Lore - Lore 247: Subterranean

Episode Date: February 12, 2024

So much for folklore is hiding just beauty the surface of seemingly normal places. The process of digging, though, isn’t without risk. Written and produced by Aaron Mahnke, with research by Cassandr...a de Alba and music by Chad Lawson. —————— Lore Resources:  Episode Music: lorepodcast.com/music  Episode Sources: lorepodcast.com/sources  All the shows from Grim & Mild: www.grimandmild.com —————— Sponsors: BetterHelp: Lore is sponsored by BetterHelp. Give online therapy a try at BetterHelp.com/LORE, and get on your way to being your best self. SimplliSafe: Secure your home with 24/7 professional monitoring. Sign up today at SimpliSafe.com/Lore to get 20% off any new SimpliSafe system with Fast Protect Monitoring. To advertise on our podcast, please reach out to sales@advertisecast.com, or visit our listing here. ©2024 Aaron Mahnke. All rights reserved.

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Starting point is 00:00:00 Brian is going to take a bite of this Subway 6 inch cold cut combo and describe it for us. Okay. Mmm. Classic. Soft bread, the Canadian cheddar cheese, the layers of cold cuts and the veggies. What Brian doesn't know is that his sub only cost $4.99. What? $4.99? Whoa!
Starting point is 00:00:16 I've gotta tell the people! Hey! Hey! There he goes. Right now, experience a Subway 6 inch Black Forest Ham or cold cold-cut combo sandwich for just $4.99 only at Subway. Price and participation may vary. Extras taxes and delivery additional expires April 8. It started with a pipe.
Starting point is 00:00:44 It had been installed to water the site years before and usually did the job of keeping the grass green. But back in 2010, a drought hit the area and the normal amount of water wasn't cutting it anymore. And this was Stonehenge we're talking about. People have a certain expectation for how it's supposed to look. An open field of green dotted with tall imposing stone monuments arranged in the shape of the letter C. At least, that
Starting point is 00:01:11 was the assumption. But as the drought went on, the grass at the base of those stones turned brown. And so did other patches, patches that seemed to complete the circle that the letter C had suggested. So for the next four years, a whole series of scans were made of the landscape surrounding the ancient monument. And guess what they discovered? Stonehenge was a much bigger site than we could have ever imagined. The trouble was that all the evidence of that was buried beneath the surface. As the old adage says, appearances can be deceiving. And in the case of Stonehenge,
Starting point is 00:01:45 looking beneath the surface has led to new, amazing discoveries. And it's a rule of thumb that clearly fits more than just archaeology. Our personal lives are deeper and more textured than a stranger might guess from just one short conversation. The whole field of investigative journalism basically uses that same idea as a mission statement digging deep into the unknown business of corporations and politicians. Because sometimes what's on the surface isn't the whole story. We see one thing, and it might be fact, but it's just one piece of a larger picture. And the same is true of folklore.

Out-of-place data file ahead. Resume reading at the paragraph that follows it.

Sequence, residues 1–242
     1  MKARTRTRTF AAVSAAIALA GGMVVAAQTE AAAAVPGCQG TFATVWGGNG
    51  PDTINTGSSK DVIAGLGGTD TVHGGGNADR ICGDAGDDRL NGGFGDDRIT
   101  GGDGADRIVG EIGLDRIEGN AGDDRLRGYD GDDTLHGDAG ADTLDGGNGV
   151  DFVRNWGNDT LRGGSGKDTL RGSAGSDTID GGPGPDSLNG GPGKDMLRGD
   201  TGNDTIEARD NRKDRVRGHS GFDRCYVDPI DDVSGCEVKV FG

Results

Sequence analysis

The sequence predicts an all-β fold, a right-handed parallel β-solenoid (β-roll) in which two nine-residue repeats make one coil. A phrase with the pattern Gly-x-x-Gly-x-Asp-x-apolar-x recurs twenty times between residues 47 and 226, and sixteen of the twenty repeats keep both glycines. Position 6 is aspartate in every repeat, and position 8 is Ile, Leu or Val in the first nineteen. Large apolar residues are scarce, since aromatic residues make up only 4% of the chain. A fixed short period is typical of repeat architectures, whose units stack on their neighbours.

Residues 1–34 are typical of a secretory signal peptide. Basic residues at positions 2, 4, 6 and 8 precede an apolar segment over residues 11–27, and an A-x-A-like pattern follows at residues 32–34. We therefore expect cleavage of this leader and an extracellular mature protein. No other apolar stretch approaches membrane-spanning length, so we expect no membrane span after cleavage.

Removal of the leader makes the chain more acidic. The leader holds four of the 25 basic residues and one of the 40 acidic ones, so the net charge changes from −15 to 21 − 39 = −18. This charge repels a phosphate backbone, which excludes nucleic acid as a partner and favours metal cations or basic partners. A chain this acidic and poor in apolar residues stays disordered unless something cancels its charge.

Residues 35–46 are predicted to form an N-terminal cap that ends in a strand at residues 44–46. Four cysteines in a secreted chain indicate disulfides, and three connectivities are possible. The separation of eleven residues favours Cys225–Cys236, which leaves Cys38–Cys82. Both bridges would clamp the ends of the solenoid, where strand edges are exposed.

Starting point is 00:02:24 But be warned, because the act of digging isn't without risk. The deeper we go, the darker things become. I'm Aaron Mankey, and this is Lore. Johann was looking for a fresh start. Born in Germany in the 1790s, he spent his youth working as an apprentice to his father, a brewer. As a teenager, he even learned from others in the industry and then set out to make a name for himself. And he failed. So in 1836, he boarded a ship and headed to America, leaving his wife and two sons behind until he was sure that he could support them. Two years later, he rolled into the Midwestern city of St. Louis and set up shop as a grocer.
Starting point is 00:03:20 And along with everything else that he sold there in his shop, he offered something that was second nature for him to create. Beer. Now, St. Louis was a really good place to be if you were a brewer in the early 1800s. You see, a lot of Missouri is built on top of limestone caves, and those dark subterranean cavities were really good at keeping beer at the perfect temperature for long-term storage, essential in the world before refrigeration, and Johann took full advantage of that.
Starting point is 00:03:49 His homemade beer took off too. Maybe folks were tired of the typical English ales they had been stuck with for centuries. Perhaps the recipe rumored to have been carried with him from Germany in 1836 was exceptionally tasty. They was probably a mix of both. Either way, pretty soon the grocery store was a lot less important than brewing enough beer to meet demand. By 1845, he had to move operations to a new location with more space, which included a